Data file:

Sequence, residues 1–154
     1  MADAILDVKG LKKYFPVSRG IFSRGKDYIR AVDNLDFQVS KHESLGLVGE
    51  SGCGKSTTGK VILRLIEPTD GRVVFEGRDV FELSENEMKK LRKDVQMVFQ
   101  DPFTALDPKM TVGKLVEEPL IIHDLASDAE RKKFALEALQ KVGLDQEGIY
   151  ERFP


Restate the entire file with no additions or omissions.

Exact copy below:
Sequence, residues 1–154
     1  MADAILDVKG LKKYFPVSRG IFSRGKDYIR AVDNLDFQVS KHESLGLVGE
    51  SGCGKSTTGK VILRLIEPTD GRVVFEGRDV FELSENEMKK LRKDVQMVFQ
   101  DPFTALDPKM TVGKLVEEPL IIHDLASDAE RKKFALEALQ KVGLDQEGIY
   151  ERFP